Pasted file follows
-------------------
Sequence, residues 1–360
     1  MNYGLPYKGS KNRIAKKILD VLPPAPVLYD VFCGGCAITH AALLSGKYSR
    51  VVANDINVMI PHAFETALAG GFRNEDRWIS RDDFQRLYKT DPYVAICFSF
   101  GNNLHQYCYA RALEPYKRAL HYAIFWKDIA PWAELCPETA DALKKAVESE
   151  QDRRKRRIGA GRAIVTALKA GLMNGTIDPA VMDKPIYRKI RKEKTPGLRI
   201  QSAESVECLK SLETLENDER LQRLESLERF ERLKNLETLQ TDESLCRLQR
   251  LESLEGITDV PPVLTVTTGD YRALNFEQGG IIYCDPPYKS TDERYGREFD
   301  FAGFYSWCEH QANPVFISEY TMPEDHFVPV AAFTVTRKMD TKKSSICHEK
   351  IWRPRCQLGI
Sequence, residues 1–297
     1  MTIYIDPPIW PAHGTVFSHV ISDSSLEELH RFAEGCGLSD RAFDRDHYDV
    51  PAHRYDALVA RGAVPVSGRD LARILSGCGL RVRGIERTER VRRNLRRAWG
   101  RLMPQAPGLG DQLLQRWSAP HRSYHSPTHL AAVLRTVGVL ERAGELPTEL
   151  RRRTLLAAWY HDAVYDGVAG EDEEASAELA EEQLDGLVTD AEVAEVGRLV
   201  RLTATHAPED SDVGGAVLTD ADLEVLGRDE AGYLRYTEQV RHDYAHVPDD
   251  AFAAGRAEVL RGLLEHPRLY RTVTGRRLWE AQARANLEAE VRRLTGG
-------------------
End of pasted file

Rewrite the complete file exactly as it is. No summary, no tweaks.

Sequence, residues 1–360
     1  MNYGLPYKGS KNRIAKKILD VLPPAPVLYD VFCGGCAITH AALLSGKYSR
    51  VVANDINVMI PHAFETALAG GFRNEDRWIS RDDFQRLYKT DPYVAICFSF
   101  GNNLHQYCYA RALEPYKRAL HYAIFWKDIA PWAELCPETA DALKKAVESE
   151  QDRRKRRIGA GRAIVTALKA GLMNGTIDPA VMDKPIYRKI RKEKTPGLRI
   201  QSAESVECLK SLETLENDER LQRLESLERF ERLKNLETLQ TDESLCRLQR
   251  LESLEGITDV PPVLTVTTGD YRALNFEQGG IIYCDPPYKS TDERYGREFD
   301  FAGFYSWCEH QANPVFISEY TMPEDHFVPV AAFTVTRKMD TKKSSICHEK
   351  IWRPRCQLGI
Sequence, residues 1–297
     1  MTIYIDPPIW PAHGTVFSHV ISDSSLEELH RFAEGCGLSD RAFDRDHYDV
    51  PAHRYDALVA RGAVPVSGRD LARILSGCGL RVRGIERTER VRRNLRRAWG
   101  RLMPQAPGLG DQLLQRWSAP HRSYHSPTHL AAVLRTVGVL ERAGELPTEL
   151  RRRTLLAAWY HDAVYDGVAG EDEEASAELA EEQLDGLVTD AEVAEVGRLV
   201  RLTATHAPED SDVGGAVLTD ADLEVLGRDE AGYLRYTEQV RHDYAHVPDD
   251  AFAAGRAEVL RGLLEHPRLY RTVTGRRLWE AQARANLEAE VRRLTGG